If you are concerned about a parent or elderly family member who lives in a different community, you can contact the local law enforcement agency and request a well-being check.
3. YOU HAVE THE RIGHT TO A COMPLETE COPY OF ALL THE RECORDS THE NURSING HOME KEEPS ON YOU.
One of the best ways to find out what is really going on with your loved one’s care and treatment is to request a complete copy of all the records the nursing home has on your loved one. Nursing homes are required to document all the care that they provide, and they are required to keep extensive records relating to their assessments of what care each resident needs. There is often a big gap between the care that they say that they are going to provide, as documented in the Care Plan document, and the care they actually provide, as documented in progress notes, medication administration records, doctors' orders, and records relating to assistance with activities of daily living.
Thursday, March 1, 2007, 09:53 PMElder abuse, fraud and “patient dumping” are among the shocking charges leveled at Lakeside Park, a posh dementia-care facility in Oakland. The facility is owned and operated by real estate conglomerate, A.F. Evans.
The lawsuit, filed on behalf of the families of three former patients by Felicia Curran against Lakeside Park, alleges outrageous actions taken by the facility’s directors against members of society’s most vulnerable community—frail, elderly sufferers of Alzheimer’s disease and other forms of memory impairment—as part of a “bait-and-switch” and “cull-and-weed” scheme by the corporate owners of the facility.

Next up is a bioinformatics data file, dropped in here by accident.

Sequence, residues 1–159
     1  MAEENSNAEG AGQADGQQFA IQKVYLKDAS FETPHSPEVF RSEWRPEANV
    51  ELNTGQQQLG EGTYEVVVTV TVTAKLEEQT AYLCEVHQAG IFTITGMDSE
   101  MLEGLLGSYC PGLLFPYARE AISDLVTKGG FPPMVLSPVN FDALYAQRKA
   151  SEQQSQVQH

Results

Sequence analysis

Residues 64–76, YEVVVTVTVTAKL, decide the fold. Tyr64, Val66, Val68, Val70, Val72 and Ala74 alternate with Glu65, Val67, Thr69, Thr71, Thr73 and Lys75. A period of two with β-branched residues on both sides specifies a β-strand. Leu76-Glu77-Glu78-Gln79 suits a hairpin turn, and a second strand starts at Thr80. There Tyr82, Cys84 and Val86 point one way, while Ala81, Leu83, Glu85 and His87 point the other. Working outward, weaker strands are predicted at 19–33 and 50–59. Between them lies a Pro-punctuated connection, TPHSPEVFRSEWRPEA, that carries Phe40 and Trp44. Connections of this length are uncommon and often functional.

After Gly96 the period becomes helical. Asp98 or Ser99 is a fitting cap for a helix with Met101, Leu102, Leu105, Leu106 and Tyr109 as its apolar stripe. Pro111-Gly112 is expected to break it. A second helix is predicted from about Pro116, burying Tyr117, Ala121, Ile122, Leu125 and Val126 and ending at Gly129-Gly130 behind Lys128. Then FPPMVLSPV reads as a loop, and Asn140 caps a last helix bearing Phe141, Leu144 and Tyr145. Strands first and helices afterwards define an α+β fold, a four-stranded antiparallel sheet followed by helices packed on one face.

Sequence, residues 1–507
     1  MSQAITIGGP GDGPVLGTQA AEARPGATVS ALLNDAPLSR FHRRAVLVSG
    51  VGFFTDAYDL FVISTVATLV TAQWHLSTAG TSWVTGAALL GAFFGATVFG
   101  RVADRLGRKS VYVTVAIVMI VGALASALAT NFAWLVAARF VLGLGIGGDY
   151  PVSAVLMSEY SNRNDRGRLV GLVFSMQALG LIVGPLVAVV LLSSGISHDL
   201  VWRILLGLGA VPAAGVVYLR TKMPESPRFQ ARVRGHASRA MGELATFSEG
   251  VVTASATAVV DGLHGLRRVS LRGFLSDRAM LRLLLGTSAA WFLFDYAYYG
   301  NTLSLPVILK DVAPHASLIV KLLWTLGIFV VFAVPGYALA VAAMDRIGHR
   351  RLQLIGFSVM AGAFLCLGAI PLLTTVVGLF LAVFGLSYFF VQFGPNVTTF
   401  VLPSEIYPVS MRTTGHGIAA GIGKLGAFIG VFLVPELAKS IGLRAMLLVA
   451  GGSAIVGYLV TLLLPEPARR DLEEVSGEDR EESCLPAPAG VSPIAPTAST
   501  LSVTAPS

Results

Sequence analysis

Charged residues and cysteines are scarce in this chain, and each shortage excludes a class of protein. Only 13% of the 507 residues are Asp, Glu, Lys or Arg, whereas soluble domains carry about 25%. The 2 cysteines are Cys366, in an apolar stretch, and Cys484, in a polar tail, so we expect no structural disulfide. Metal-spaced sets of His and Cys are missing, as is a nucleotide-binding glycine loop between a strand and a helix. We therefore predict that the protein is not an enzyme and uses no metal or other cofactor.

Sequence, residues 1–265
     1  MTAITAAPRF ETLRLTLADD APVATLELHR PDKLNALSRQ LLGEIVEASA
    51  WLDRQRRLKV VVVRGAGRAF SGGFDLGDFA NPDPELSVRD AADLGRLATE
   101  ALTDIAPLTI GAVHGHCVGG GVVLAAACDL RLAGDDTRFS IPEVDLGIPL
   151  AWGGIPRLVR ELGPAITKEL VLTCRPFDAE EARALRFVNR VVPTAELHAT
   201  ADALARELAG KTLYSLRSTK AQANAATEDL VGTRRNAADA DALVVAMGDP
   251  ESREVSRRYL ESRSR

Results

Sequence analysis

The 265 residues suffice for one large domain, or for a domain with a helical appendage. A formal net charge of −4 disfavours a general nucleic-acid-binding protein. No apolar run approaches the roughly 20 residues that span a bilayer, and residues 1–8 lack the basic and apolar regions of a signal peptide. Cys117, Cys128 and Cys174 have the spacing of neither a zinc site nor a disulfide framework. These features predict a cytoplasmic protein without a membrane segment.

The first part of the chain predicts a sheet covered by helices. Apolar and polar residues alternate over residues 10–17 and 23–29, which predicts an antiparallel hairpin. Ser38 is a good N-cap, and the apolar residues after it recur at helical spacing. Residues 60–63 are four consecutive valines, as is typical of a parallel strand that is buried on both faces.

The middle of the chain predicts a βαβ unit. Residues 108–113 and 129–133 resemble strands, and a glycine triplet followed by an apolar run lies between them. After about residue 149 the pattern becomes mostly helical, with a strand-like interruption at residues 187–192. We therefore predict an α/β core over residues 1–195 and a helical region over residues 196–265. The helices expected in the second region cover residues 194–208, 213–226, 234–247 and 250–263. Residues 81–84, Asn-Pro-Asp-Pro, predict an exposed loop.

“Lakeside Park holds itself out as being a cut above the ordinary rest home, but the lawsuit alleges that they have no qualms about evicting their residents, dumping them in emergency rooms and forcing them to pay for private caregivers if the residents require too much care or if their families as much as complain,” said attorney Felicia Curran.
The suit names the corporate owner of the care home, A.F. Evans Company Inc., Vice- President John Rimbach, and Executive Director Rebecca Cockrill as defendants. A.F. Evans owns four senior homes in California and Washington, including the Lakeside Park facility, and Byron Park, a 187-unit senior residential facility in Walnut Creek.
To read the San Francisco Chronicle's article on the lawsuit go to:
The plaintiffs are former residents of Lakeside Park and their families: Raffaella Mancuso, 95, and her daughter Margaret Mancuso, Ph. D., Marie Ellen Munzell, 92, and her son, Michael Munzell, as well as Christina Sagonowsky and Nicholas Saonowsky, whose father George Sagonowsky, died at a hospital emergency room at the age of 92 after becoming ill at the facility.
The complaint alleges that Munzell, who has Alzheimer’s, was “dumped” at the local hospital emergency room on Dec. 14 and was then refused readmittance to Lakeside Park after her son complained about her care. The suit also claims that Mancuso was neglected and improperly fed, forced to hire caregivers to care for her at the facility when Lakeside neglected her, and that she was made to pay for her deceased husband’s share of their contract for 16 months after he died at the facility in 2004.
The facility was previously cited and fined for neglect of another resident, records show. The fine was only $100. “It’s cheaper for facilities like Lakeside to understaff, and gamble that they won’t be caught by licensing, then pay the small fine if they are caught, than it is for them to staff correctly. A lawsuit is the only way to force the facility to staff correctly,” says attorney Curran.
The families seek compensatory, special and punitive damages, and attorneys’ fees.